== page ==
Another perk of Giedre approaching me when she did was that we were able to do the photo shoot during my grandmother's recent visit! Getting some photos with her was an extra-special bonus.



Seriously, if you need a lifestyle portrait photographer in the Triangle area of NC check out Walking Dot Photography. Photographing 2 toddler boys is no easy feat, but Giedre managed to get some beautiful, honest images of our boys (and the entire family).


Truly, she captured Gabriel's (right) and Peter's (left) personalities in a single, sweet photo (above)!


Plus, she made sure the pregnant mama felt beautiful and loved with lots of kisses. ;)



I don't think Giedre had any idea just how much this photo session meant to me, but I'm immensely grateful she captured this precious time in our lives for us. Someday I hope to show these pictures to Rosalie - and she will see the love our family has for one another and how she was included in that love long before she was even born.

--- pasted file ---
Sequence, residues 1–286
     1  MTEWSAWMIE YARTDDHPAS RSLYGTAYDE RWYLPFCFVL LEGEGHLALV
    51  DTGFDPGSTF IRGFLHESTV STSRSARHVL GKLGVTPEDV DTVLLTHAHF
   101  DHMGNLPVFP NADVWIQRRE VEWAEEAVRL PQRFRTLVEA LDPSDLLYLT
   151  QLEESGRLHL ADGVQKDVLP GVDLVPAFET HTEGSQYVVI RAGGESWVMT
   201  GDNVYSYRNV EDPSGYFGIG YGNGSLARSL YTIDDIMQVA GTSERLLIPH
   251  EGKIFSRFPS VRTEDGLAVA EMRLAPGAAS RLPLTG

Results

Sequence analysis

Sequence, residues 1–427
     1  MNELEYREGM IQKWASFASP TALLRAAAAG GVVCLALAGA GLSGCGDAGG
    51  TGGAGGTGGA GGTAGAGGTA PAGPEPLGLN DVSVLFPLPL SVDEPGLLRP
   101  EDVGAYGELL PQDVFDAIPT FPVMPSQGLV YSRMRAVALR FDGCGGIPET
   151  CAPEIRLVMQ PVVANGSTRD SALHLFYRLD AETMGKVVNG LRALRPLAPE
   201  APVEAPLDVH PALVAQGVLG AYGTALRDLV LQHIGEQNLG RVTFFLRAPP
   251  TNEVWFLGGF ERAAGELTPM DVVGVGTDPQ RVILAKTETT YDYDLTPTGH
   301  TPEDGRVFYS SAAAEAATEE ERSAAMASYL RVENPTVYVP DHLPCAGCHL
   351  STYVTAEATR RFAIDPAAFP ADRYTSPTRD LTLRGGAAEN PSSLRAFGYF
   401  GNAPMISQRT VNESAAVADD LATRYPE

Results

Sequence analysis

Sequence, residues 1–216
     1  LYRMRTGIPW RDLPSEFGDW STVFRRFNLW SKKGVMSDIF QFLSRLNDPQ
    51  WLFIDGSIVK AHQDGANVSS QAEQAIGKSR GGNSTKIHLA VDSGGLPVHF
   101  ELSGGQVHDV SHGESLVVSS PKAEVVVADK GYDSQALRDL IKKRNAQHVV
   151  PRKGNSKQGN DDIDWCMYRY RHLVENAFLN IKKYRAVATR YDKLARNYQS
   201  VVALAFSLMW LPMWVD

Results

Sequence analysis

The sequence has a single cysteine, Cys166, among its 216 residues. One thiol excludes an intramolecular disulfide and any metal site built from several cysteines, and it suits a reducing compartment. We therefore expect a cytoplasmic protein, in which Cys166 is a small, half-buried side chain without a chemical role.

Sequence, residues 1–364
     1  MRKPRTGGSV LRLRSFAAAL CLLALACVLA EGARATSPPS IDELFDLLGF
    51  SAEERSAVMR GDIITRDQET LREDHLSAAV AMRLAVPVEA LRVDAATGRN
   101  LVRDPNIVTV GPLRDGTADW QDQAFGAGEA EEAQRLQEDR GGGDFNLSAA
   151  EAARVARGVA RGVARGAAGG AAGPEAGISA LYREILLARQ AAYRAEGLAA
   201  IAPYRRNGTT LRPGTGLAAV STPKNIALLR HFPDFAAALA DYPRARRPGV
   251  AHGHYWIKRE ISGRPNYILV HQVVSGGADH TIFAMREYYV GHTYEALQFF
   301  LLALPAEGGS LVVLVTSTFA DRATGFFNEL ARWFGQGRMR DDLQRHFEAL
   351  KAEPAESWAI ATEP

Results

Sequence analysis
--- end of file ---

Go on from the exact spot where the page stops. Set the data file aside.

"For this child I prayed; and the Lord has granted me the petition that I made to him."

1 Samuel 1:27

Monday, August 28, 2017

Introducing...(A Baby Name Reveal!)

+JMJ+

Hands-down one of my favorite parts of pregnancy is going through the process (with my husband) of discerning our baby's name. I specifically say "discerning" rather than "choosing" because we feel strongly that names help reveal something about who we are as the Lord intends us to be - which means as parents we take care to find the "right" name that our child will be called for all eternity.